App.--Beaumont Aug. 28, 2008, no pet.)(mem. op.); Arias v. Brookstone, 265 S.W.3d 459, 465 (Tex.
App.--Houston [1st Dist.] 2007, pet. denied)("[T]he owner . . . can hardly claim to be hurt when . . . notified in
advance of the actual filing of the lien affidavit."); New AAA Apartment Plumbers, Inc., 145 S.W.3d at 730
(citing Hammons v. Tex. Pride Landscape, No. 05-99-980-CV, 2000 Tex. App. LEXIS 3025, 2000 WL 567108,
at *4 (Tex. App.--Dallas May 10, 2000, pet. denied) (mem. op.)); see also Tex. Prop. Code Ann. § 53.055.
Substantial compliance with the statute is sufficient to perfect the lien. See First Nat'l Bank v. Sledge, 653
S.W.2d 283, 285 (Tex. 1983) (predecessor statute).

Rule 54

Truss World alleged it would show it "filed and perfected" the liens. Truss World pled in its petition that, "On or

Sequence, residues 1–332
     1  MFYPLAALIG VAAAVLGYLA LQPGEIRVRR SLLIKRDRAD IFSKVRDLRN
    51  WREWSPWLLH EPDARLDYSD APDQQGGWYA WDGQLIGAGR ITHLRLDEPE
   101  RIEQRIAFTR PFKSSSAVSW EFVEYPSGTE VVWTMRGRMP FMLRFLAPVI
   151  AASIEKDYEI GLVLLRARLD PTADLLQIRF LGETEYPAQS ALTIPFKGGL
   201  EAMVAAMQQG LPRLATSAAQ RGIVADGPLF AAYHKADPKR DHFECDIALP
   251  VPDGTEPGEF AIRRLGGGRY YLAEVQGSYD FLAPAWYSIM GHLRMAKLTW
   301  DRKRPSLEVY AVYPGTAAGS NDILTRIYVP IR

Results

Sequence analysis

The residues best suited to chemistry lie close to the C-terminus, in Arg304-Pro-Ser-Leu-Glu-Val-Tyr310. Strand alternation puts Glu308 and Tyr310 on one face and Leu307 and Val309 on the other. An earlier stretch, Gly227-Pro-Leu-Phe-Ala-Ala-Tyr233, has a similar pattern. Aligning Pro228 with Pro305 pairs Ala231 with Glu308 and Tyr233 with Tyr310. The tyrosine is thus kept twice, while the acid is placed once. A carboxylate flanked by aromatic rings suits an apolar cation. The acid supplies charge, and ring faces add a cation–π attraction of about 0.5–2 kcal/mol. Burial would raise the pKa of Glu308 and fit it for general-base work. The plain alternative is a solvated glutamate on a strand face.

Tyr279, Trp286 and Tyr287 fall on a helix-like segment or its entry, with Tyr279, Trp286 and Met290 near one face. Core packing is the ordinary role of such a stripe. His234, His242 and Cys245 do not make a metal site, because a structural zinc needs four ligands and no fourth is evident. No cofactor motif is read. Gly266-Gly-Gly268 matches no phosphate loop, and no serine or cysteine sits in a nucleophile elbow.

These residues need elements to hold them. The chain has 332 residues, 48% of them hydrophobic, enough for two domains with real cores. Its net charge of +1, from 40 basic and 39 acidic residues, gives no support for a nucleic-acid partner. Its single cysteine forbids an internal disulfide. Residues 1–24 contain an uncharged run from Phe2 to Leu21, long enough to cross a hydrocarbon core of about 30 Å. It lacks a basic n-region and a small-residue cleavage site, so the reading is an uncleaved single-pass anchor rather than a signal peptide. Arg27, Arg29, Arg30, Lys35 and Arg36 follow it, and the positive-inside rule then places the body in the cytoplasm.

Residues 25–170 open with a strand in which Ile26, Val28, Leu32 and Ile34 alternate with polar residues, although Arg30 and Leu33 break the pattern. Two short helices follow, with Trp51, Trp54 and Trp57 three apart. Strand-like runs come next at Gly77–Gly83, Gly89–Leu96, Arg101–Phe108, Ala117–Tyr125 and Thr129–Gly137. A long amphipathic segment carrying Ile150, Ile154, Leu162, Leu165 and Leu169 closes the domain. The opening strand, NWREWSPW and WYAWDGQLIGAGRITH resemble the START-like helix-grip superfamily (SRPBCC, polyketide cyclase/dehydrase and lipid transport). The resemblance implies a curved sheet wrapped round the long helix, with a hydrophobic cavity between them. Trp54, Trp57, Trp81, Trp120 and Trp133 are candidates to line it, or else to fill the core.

about November 25, 2002, Truss World mailed lien affidavits, certified mail, return receipt requested, informing
AGH of its intent to file liens on the property to secure its claim on the delinquent payments. And on December
3, 2002 Truss World filed lien affidavits on the properties." When a party pleads the performance or
occurrence of conditions precedent, the party pleading the conditions precedent is only required to prove at
trial those performances or occurrences that were specifically denied by the opposing party. Tex. R. Civ. P.
54. Essentially, Truss World's pleading asserted compliance with its notice obligations. See Tex. Prop. Code
Ann. § 53.055; see also Arias, 265 S.W.3d at 465. Appellants were not required to prove notice unless AGH